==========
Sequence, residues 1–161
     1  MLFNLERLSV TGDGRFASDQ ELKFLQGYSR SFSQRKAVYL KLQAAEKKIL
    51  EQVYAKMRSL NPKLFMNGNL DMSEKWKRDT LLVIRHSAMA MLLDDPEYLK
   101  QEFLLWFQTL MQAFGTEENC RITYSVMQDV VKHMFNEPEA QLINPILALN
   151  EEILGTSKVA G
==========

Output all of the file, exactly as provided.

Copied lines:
Sequence, residues 1–161
     1  MLFNLERLSV TGDGRFASDQ ELKFLQGYSR SFSQRKAVYL KLQAAEKKIL
    51  EQVYAKMRSL NPKLFMNGNL DMSEKWKRDT LLVIRHSAMA MLLDDPEYLK
   101  QEFLLWFQTL MQAFGTEENC RITYSVMQDV VKHMFNEPEA QLINPILALN
   151  EEILGTSKVA G